Parson: Missouri lawmakers should address gun violence in regular, not special, session

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Lt. Gov Mike Parson_1487326420343.jpg

JEFFERSON CITY, MO. — Missouri’s governor said Wednesday in Jefferson City that a September special session is “not the correct avenue” to address the issue of gun violence, and that it should be addressed when lawmakers return to Jefferson City in January.

Governor Mike Parson addresses DED employees at the Missouri Capitol on August 28, 2019 (Brian Hauswirth photo)

Governor Mike Parson (R) spoke to Capitol reporters during a Statehouse press conference on the issue of state government reorganization. Most of the questions from reporters were about deadly gun violence.

Parson says it will take a coordinated effort among federal, state and community officials to reduce violence.

“If you want to bring the gun violence (topic) into special session, I’m not for sure what the outcome you think going to be out of that,” Parson says. “That’s why I think that needs to be done in regular session (in January). Special session, you want to do something in a limited time that you think you can get a fix to.”

13 children have been killed in shootings in St. Louis city in 2019.

The “St. Louis Post-Dispatch” reports St. Louis Mayor Lyda Krewson is urging state lawmakers to let the city require concealed weapon permits. The governor tells reporters “that’s going to have to go through the legislative branch.”

Governor Parson says he’s spoken to both Mayor Krewson and to Kansas City Mayor Quinton Lucas about gun violence.

“We got to figure out some solutions to these kids getting shot in the streets up there in St. Louis and Kansas City or wherever it is in the state of Missouri,” says Parson.

The governor is against a September special session on gun violence, saying there are “many different opinions on how to find a solution.”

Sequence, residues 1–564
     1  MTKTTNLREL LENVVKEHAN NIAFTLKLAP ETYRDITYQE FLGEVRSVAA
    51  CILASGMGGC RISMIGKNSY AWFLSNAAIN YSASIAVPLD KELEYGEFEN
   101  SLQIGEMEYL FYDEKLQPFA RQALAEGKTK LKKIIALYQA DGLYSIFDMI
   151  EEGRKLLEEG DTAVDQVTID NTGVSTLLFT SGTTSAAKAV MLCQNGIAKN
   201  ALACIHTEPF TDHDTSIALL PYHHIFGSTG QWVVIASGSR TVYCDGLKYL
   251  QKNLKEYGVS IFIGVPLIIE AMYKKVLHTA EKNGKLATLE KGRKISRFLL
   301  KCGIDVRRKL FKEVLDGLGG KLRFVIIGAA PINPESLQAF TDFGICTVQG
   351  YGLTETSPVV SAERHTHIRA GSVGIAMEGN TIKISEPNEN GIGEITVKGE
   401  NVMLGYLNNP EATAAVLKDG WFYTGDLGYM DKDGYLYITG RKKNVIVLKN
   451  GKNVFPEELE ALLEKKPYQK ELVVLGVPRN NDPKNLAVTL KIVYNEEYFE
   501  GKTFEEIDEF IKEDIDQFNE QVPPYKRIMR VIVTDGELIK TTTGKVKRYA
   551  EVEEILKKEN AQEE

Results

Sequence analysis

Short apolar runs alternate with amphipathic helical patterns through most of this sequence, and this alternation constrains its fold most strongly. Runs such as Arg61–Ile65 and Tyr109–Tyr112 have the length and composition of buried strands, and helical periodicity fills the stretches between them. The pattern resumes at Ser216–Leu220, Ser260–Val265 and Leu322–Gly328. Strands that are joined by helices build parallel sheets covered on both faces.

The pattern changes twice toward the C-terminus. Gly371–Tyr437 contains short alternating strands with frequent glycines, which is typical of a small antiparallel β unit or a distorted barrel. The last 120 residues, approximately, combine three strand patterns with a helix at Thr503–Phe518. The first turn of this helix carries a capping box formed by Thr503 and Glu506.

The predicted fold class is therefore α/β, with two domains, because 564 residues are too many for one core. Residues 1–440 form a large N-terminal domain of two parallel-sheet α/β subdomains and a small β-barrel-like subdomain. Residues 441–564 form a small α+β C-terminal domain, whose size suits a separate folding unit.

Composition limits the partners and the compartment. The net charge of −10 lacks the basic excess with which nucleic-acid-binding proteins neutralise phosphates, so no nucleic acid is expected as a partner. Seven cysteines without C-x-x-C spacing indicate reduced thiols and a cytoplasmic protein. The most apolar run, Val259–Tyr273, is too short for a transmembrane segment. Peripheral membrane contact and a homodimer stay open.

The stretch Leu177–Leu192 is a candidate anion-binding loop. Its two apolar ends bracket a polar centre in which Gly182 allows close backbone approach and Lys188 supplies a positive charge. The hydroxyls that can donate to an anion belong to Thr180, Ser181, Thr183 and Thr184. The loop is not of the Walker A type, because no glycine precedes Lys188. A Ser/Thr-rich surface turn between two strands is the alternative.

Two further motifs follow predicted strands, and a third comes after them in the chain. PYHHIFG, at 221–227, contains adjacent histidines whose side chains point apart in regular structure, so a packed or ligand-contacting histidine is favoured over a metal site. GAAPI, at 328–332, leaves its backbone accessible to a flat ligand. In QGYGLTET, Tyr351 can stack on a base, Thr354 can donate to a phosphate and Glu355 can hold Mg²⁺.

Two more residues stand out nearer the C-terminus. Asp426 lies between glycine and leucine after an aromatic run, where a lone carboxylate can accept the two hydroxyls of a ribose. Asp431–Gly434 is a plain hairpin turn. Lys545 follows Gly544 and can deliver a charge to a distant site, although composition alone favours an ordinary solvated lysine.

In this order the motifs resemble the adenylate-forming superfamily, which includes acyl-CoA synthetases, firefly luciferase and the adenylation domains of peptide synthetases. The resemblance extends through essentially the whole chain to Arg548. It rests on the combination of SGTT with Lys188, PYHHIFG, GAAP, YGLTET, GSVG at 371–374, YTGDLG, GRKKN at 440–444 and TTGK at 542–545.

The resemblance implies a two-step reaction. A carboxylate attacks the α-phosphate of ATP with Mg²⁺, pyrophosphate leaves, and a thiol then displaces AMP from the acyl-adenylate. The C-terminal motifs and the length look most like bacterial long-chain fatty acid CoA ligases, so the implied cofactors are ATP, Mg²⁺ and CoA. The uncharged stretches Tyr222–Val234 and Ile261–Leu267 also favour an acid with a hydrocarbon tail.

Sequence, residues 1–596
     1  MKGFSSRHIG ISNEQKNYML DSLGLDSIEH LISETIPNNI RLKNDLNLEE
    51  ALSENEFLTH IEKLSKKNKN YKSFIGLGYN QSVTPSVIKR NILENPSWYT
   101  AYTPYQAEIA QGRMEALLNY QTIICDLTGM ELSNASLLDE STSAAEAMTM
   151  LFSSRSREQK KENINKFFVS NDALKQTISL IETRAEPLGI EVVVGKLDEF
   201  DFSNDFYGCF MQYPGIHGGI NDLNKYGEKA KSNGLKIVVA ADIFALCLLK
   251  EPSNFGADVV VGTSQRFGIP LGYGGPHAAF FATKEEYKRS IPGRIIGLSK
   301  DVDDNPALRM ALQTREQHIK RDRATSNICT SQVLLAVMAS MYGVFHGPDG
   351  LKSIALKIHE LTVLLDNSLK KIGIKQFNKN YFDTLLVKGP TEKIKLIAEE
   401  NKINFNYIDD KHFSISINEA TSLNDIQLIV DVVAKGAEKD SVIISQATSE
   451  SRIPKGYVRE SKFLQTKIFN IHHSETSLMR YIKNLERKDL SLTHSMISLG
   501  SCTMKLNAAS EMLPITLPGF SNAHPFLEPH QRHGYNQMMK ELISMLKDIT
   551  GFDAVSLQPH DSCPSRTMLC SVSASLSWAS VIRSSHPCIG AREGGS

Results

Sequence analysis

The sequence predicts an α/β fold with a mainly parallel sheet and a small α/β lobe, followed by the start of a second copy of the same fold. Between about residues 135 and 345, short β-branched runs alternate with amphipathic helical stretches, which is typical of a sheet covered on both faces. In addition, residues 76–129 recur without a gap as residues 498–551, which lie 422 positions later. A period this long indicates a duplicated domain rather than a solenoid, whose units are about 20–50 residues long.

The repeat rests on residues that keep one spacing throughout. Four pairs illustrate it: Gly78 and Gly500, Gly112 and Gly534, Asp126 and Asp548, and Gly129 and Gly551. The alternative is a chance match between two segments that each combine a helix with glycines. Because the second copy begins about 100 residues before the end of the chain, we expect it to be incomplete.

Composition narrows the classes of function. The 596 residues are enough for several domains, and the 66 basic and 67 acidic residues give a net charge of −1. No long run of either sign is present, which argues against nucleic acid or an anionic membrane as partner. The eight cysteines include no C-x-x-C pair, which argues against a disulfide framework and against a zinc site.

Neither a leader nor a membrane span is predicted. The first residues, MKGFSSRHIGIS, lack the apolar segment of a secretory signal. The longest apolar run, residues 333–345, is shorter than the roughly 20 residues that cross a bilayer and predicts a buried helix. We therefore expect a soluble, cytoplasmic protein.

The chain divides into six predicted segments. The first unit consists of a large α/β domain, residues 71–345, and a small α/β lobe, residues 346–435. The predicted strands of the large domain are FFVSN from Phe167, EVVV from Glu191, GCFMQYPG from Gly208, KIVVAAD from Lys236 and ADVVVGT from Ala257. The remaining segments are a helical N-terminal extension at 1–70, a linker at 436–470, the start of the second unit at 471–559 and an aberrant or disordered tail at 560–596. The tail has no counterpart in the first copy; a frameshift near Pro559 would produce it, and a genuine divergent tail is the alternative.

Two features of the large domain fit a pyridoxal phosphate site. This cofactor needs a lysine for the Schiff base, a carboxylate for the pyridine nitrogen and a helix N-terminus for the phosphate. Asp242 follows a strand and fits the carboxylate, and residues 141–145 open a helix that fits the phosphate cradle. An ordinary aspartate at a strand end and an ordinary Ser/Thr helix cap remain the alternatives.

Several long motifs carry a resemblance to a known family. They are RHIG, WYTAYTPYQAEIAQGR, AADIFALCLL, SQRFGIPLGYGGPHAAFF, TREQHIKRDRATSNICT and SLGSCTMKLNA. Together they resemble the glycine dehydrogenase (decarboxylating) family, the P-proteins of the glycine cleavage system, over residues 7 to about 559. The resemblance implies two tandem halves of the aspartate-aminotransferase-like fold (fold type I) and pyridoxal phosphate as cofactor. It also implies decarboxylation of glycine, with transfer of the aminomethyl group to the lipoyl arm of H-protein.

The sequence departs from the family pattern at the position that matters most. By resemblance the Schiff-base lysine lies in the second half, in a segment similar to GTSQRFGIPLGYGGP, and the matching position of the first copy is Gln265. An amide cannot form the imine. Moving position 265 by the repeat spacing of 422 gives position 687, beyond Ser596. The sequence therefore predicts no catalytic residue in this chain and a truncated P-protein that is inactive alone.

Parson outlines a few possible solutions.

“I think you can partner up with the federal government, the city (St. Louis) and the county can do some things,” Parson says. “I think on the state level, there’s things we can do, maybe put the (Missouri State) Highway Patrol, put them back in there on the ground. That’s things we can do right away.”

Parson also supports working with churches, to help prevent violence.

The Missouri Legislative Black Caucus has asked the governor to add the issue of gun control during the special session. The Black Caucus supports legislation allowing cities with high gun violence to approve their own gun control legislation.

State Rep. Ashley Bland Manlove (D-Kansas City), the Black Caucus’ vice chair, says Kansas City and St. Louis “have shamefully and consistently” ranked in the top ten deadliest cities for at least a decade.

Bland Manlove describes the gun violence as a public health crisis.

Governor Parson has called a special session involving a complicated Missouri Supreme Court ruling about vehicle sales. Lawmakers will return to Jefferson City on September 9 for the special session, which is expected to last one week.

Parson spokeswoman Kelli Jones tells Missourinet she believes the vehicle tax issue will be the only agenda item at special session.

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